Nights In

Wallis bird – taking flight

Photo by Jens Oellermann

After three successful albums written and produced at home in Ireland, Bird decided to seek influence from elsewhere, writing and recording Architect in its entirety after making a “lifestyle change” and relocating to Berlin.

Jenny Ní Ruiséíl probed deeper to discover what factors influenced the change and ultimately the inspiration for the album.

Jenny Ní Ruiséil: What prompted you to move to Berlin? 

Wallis Bird: I was getting sick of this migrating, up-in-the-air lifestyle…living out of a suitcase for a couple of years and not really having a proper home.

JNR: This is the kind of insight I’m guessing would influence the lives of many travelling musicians in Europe. I know Berlin was a large influence, but did you take much other inspiration for the album from your experiences travelling around?

WB: Absolutely. I eventually went to Vermont and visited a friend of mine who was after building his house from scratch. He had kids born in the corner of the house and I looked at that and thought just how beautiful that was and I thought I needed that kind of solidarity and security in my life. We were listening to this musician called Sun Ra who’s got a record called Archistra, and everything just started to click in with me. The “Arch” idea, you know, how the simplest form of a house is a pyramid, and it needs three points of the ground and two points that connect in the middle, and it just made a lot of sense in my life at the time. Then this symbol of the pyramid came in, and I found out that’s the symbol for change, and all of these things just started to play in to it and made me go “okay, change of life”; you need to get your life together; you need some shelter and you need some change.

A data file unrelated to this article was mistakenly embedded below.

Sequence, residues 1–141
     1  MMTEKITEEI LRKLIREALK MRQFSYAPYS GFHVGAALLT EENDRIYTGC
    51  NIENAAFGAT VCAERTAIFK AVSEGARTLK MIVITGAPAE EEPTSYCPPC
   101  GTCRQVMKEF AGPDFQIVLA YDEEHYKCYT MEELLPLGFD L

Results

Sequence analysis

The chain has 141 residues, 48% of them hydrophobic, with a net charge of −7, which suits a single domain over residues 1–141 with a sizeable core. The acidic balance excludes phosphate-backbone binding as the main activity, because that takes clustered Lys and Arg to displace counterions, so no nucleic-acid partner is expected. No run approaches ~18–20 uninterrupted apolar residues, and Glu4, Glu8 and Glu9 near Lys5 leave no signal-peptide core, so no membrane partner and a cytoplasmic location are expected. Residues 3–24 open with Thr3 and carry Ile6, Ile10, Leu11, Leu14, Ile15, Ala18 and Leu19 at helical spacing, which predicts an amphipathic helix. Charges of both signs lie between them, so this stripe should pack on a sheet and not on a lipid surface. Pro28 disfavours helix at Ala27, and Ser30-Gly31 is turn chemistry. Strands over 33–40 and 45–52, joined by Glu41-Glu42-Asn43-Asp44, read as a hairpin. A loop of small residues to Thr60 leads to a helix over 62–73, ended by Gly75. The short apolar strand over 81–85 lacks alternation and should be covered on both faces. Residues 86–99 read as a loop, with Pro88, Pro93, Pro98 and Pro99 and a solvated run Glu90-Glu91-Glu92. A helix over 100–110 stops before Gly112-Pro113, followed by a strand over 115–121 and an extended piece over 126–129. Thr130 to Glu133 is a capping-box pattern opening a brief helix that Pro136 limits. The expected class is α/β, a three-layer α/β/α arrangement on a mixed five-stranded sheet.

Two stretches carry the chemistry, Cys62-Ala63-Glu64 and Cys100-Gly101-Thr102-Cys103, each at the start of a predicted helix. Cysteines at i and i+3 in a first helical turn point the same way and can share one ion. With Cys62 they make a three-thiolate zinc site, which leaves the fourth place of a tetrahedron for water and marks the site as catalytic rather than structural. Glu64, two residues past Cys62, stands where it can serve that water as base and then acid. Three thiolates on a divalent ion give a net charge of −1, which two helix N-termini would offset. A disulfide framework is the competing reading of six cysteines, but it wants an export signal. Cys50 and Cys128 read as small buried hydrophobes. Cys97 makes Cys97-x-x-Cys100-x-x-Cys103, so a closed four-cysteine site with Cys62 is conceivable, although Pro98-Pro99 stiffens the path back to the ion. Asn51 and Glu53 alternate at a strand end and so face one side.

JNR: Given the graduate/college student audience of the readers on, I feel this theme may resonate with many of them in their desire to travel and broaden their minds. Would you agree?

WB: Yes.The good thing about travel now is that you can do it, there are so many possibilities out there, and especially when it comes to recording, recording anywhere – it’s all very mobile now. All you need is a phone – there’s a track on the record that I recorded the vocals for on my phone. Life is very immediate nowadays, it’s very accessible, and people are used to hearing that kind of quality.

JNR: Tell us about the influence from Berlin.

WB: I wouldn’t have written the album if I wasn’t in Berlin. It would’ve been something different. I’ve no idea what it would have been, but it would have been completely different.

JNR: It is very different from your earlier stuff, isn’t it?

WB: It’s a bit different, yes. There are some tracks that are a kind of a nod towards my previous records, but it’s just about trying new things, and moving on. Showing a bit of a progression.

JNR: Will the change in sound affect the live shows, do you think?

WB: No, I don’t think so. I mean, we pretty much always just go out there and spend all our energy in one night; it’s an explosive kind of gig! Regarding the recording itself, it’s cool because when you’re recording everything is kind of open to manipulation. So that’s the cool thing about recording a record in that you can spend the time f**king with the sound afterwards. But there’s nothing that I wouldn’t do in studio that I’m not able to do live, see that’s always the thing, everything always has to be able to translate into live performance, otherwise you’re just kind of separating yourself from the record.

JNR: What would your favourite track be on the new album, and why?